The Everrati’s doors shut with the same reassuring thunk as its unequivocally satisfying gasoline equivalent. With a twist of the left-handed key and a press of a button, the 964 is ready for action. Nearly everything from here feels different: Click the gearshift lever into position, and the floor-mounted accelerator pedal translates ankle flexion into smooth, gearshift-free forward motion with a high-pitched, nearly dog-whistle-like whine. There’s none of the musical accompaniment of internal combustion. While the acceleration feels swift, it doesn’t feel 500 hp fast to me. Nor does the vehicle seem to cover zero to 60 mph in the claimed 3.68 seconds. This is, however, due to the fact that I don’t know that a small switch activates a Sport setting which unleashes the car’s full power (I find that out later). Your acceleration will vary.

The steering response feels heavier than an air-cooled 911, but Everrati CEO Justin Lunny says this particular example was calibrated to Rogers’ preference. Interestingly, Lunny says strict UK manufacturing regulations dictate that the car would have to be registered in a different class if the steering hardware was fundamentally changed. And it’s a good thing those changes haven’t been made, since the stock 911’s hydraulic steering is fundamentally fantastic. Though future U.S.-spec Everrati projects may be fitted with electric power-assist steering, this particular example sticks to the original setup.

A look at the interior of an all-electric Porsche 964 restomod from Everrati.
Everrati’s reinterpretation of the Porsche 911 may look identical and offer the same ergonomics as the original, but the drive experience is vastly different.

The suspension feels taut and controlled. Although a small TracTive touchscreen enables on-the-fly damper adjustments, I don’t notice much difference between settings. Direction changes feel immediate, and the wide Michelins deliver tenacious grip. Everrati says its 964 restomod should deliver approximately 200 miles of range on a full charge, depending on driving style.

For those who are especially attached to the sounds, smells, and sensations of the old-school 911, this high-dollar take on the classic air-cooled version of the model begs the question: Is an electrified 911 viscerally equivalent to its gas-burning donor car? Far from it; although these reinterpretations of the 911 may look identical and offer the same ergonomics as the originals, the drive difference is dramatic. Had I accessed the full 500 hp, I suspect the added speed would have given this machine a greater sense of modernity. As it stands, Everrati’s take on the 911 makes for an intriguing and stylish cruiser, but it’s unlikely to see duty as an all-rounder in the same way that “off-the-rack” 911s tend to. And that’s ok; after all, these are bespoke builds that often become parts of larger car collections, and are unlikely to become workaday transportation solutions.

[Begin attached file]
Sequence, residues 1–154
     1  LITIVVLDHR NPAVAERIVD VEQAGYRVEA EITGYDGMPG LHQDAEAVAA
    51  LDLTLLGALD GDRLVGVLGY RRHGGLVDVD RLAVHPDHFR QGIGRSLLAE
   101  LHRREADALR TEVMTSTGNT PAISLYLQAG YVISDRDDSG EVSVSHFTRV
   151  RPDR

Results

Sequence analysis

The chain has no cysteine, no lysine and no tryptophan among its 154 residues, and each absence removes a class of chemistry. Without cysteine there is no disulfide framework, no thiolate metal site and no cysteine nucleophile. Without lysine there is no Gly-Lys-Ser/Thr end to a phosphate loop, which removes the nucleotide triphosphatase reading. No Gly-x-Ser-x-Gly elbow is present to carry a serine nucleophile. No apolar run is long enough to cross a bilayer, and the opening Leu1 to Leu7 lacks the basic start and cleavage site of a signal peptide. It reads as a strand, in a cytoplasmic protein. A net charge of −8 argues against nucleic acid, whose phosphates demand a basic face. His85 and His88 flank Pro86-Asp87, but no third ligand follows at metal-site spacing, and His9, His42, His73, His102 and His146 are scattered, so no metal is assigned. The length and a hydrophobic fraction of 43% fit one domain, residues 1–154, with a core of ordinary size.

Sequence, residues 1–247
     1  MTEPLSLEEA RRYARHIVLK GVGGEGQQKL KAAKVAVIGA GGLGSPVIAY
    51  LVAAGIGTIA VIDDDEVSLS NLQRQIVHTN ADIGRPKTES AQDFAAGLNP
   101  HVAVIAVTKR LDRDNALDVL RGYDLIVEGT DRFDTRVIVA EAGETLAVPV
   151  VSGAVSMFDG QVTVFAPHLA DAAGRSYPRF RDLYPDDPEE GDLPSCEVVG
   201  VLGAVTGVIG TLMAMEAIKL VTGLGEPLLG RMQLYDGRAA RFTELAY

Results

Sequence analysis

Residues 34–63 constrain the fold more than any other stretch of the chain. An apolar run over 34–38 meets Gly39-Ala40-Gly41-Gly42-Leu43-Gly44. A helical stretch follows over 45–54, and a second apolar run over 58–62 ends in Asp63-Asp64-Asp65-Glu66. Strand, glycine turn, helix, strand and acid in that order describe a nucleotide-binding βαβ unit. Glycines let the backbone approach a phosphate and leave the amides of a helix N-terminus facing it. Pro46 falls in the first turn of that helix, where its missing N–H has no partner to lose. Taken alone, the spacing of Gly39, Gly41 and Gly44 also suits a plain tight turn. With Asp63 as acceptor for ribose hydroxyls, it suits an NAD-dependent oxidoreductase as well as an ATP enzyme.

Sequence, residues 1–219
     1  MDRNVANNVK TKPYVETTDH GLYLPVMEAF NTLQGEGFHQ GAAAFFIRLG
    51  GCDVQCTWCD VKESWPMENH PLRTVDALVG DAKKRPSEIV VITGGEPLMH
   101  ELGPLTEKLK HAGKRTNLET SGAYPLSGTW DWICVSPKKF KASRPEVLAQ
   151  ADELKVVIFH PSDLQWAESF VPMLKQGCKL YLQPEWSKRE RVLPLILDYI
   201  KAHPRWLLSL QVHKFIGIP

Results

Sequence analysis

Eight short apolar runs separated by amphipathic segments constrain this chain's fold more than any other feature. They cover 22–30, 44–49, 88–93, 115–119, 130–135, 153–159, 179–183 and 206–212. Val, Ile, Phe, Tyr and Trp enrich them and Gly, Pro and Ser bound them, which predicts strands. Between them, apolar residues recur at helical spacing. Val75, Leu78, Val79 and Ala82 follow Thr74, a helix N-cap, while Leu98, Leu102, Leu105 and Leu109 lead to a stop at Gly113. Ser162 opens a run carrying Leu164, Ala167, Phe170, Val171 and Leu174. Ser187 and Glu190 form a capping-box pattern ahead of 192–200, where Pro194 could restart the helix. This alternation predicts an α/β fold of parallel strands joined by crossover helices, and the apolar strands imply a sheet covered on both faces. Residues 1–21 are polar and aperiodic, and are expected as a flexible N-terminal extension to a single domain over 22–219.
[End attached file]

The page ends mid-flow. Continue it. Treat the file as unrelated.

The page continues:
An all-electric Porsche 964 restomod from Everrati.
Everrati makes engineering efforts to ensure this EV retains some elemental similarities to its donor vehicle.

Everrati’s future 911 projects promise more exoticism in the form of a lightweight RSR version and the option for a motor from Helix, the same supplier that provides power plants for the Aston Martin Valkyrie and the Volkswagen I.D. R prototype racer, which became the first vehicle to break the eight-minute mark at the Pikes Peak International Hillclimb competition.

While no electric 911 will feel the same as its gasoline-powered inspiration, perhaps that’s the point—and the reason Porsche says its most iconic model will also be the last to be electrified. For most, a snarling, growling 911 is the only 911 for them. But for the thin slice of clientele who seek a different, quieter, cleaner-burning way of getting around, Everrati offers a viable, albeit unorthodox, way to stay in the Porsche club.

Click here for more photos of this all-electric Porsche 964 restomod from Everrati.

An all-electric Porsche 964 restomod from Everrati.
An all-electric Porsche 964 restomod from Everrati.